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News from the Law Professors’ Conference

posted by Nathalie Martin

I thought I could channel techno-guru Bob Lawless and blog live from the AALS program on Creditors' and Debtors' Rights, but I couldn't so here's what went on at our conference yesterday. Our own Katie Porter (Iowa) organized this year’s panel, entitled "Broke, but not Bankrupt," a provocative and entertaining program about other (non-bankruptcy) laws affecting the down and out. Other panelists included Ronald Mann (Columbia) of credit card fame, Richard Alderman (Houston) who runs the FABULOUS consumer law conference at Houston every other May, and the always informative and entertaining consumer law maven Cathy Mansfield (Drake). Topics ranged from arbitration clauses that hurt consumers (and most do since according to Richard, businesses win 97% of the cases against consumers that go to arbitration, consumers have a hard time finding lawyers for arbitration, and businesses choose the arbitrators), race and the sub-prime crisis (lawyers should consider using the equal credit opportunity act to deal with credit discrimination, or as Cathy called it, credit apartheid), solutions to the sub-prime crisis, securitization, and fair debt collection or a total lack thereof (as Ronald pointed out, it is far more profitable to violate the collection laws than to comply with them).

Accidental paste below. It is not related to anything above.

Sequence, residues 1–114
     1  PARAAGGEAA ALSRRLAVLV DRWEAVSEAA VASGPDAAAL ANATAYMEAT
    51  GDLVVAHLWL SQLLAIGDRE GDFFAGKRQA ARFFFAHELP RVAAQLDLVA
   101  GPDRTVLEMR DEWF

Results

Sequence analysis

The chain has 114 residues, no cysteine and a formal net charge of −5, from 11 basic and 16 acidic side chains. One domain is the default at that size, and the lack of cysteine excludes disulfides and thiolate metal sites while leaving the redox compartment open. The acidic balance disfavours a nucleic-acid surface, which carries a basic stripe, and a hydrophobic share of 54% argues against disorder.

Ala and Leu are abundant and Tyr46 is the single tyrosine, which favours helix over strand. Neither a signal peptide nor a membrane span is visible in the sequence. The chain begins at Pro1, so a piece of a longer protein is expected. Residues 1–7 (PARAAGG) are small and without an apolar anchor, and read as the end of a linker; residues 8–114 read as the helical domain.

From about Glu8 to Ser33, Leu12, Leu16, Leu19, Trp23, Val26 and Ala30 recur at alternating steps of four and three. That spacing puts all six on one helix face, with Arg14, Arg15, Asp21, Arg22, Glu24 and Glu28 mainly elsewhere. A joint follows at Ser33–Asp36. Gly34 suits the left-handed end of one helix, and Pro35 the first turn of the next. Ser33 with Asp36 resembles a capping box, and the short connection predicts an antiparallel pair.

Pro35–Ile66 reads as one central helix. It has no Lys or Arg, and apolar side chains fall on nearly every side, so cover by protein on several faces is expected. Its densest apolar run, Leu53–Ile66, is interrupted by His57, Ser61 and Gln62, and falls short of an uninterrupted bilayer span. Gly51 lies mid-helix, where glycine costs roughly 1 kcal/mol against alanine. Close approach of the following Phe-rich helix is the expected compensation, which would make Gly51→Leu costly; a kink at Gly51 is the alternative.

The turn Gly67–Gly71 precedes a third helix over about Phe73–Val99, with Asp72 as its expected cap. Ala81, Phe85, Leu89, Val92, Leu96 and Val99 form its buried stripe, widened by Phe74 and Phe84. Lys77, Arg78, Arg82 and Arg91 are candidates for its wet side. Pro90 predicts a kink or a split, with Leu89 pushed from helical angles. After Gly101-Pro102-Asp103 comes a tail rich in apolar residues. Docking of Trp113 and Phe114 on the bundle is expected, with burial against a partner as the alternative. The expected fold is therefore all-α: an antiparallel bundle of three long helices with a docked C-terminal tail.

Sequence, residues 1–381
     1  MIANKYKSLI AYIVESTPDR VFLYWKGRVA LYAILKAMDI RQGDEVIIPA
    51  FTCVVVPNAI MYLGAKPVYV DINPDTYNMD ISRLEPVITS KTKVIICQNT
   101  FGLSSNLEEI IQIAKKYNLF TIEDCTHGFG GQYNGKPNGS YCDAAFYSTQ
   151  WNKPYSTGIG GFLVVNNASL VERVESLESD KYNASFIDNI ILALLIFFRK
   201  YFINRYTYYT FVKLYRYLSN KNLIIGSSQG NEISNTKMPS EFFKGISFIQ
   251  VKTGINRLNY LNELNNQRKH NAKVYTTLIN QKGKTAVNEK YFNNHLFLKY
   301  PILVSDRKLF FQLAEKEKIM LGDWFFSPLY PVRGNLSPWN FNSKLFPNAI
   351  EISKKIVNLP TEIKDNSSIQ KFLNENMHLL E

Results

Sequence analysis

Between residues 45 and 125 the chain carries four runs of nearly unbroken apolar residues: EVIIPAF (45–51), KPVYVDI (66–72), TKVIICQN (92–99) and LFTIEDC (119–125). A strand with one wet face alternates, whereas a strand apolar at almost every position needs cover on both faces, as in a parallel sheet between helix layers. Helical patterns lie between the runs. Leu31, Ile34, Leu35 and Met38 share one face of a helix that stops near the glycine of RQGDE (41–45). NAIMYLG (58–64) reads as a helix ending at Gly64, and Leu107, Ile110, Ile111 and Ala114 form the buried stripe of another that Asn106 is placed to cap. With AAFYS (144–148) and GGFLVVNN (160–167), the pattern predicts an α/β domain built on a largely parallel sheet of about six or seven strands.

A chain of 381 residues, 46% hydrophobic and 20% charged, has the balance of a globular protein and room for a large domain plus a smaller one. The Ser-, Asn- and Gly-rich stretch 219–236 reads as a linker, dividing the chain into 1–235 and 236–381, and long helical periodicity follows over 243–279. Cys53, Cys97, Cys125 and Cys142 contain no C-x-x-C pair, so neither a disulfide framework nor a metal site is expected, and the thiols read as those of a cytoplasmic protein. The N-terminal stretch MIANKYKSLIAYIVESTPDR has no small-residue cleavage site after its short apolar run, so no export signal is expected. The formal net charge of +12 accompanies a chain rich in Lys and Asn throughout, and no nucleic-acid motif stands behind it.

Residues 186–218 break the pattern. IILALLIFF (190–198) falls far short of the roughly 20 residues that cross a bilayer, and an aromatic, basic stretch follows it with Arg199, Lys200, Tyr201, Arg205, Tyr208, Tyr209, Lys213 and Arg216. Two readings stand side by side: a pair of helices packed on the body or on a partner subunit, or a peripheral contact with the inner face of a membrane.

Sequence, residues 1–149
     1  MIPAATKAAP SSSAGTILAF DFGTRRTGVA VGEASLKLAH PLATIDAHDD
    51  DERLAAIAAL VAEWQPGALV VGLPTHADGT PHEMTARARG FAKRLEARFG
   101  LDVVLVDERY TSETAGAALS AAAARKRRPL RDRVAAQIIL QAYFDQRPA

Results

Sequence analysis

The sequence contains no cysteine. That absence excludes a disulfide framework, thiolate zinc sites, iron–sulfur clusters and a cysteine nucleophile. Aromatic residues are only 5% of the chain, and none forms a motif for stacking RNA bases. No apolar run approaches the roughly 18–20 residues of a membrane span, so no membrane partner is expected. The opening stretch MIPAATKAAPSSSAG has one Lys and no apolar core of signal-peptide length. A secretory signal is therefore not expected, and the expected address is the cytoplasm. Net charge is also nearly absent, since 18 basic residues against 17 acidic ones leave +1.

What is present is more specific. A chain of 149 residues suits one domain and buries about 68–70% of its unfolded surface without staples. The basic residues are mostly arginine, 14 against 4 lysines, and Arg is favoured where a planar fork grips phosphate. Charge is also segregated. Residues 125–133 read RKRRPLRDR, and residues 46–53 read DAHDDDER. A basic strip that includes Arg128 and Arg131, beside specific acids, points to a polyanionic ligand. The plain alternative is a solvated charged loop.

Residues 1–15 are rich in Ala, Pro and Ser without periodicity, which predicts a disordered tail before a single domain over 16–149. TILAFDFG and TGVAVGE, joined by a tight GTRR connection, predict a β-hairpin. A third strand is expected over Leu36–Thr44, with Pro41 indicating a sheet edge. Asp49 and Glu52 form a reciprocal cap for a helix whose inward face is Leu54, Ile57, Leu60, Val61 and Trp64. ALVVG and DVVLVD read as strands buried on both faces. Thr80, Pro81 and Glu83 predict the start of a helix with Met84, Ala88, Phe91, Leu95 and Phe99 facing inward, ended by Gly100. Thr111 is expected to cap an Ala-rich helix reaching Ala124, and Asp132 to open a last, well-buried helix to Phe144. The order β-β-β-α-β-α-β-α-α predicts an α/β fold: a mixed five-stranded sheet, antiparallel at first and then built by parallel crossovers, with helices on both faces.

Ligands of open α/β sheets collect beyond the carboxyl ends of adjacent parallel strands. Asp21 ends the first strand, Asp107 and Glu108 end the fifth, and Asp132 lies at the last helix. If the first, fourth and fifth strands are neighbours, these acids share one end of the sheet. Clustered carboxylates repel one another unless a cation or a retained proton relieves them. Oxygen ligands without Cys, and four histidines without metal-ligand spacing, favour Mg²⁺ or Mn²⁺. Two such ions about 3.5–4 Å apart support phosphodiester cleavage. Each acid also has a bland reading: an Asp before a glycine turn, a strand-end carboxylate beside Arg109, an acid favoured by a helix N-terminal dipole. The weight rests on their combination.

If you missed the conference, you can order the tapes from the AALS (e-mail me if you don’t know how) because this was a great program. There is too much to revisit here, but here are a few highlights and interesting facts from the program.

The group discussed how preemption makes it difficult for states to protect consumers, how the consumer credit counseling and repair agencies are still out there defrauding people, and how creditors are getting away with garnishing federally exempt public benefits. Numerous solutions to the sub-prime mess were tossed around, and Ronald noted that it was obvious that not all borrowers could pay back these loans, since 8% never even make a payment.

The panelists also discussed the typical American solution to consumer creditor abuses, namely disclosure. Cathy called this a bizarre and unique method of regulating consumer debt. "As long as we tell you we’re going to screw you, we can screw you. We are the only the country in the world who regulates in this way."

Finally, there was an informative discussion about whether the middle class is in deeper trouble than ever (yes, we think so….). As the t-shirt Cathy saw proclaimed, at least the war on the middle class is going well.


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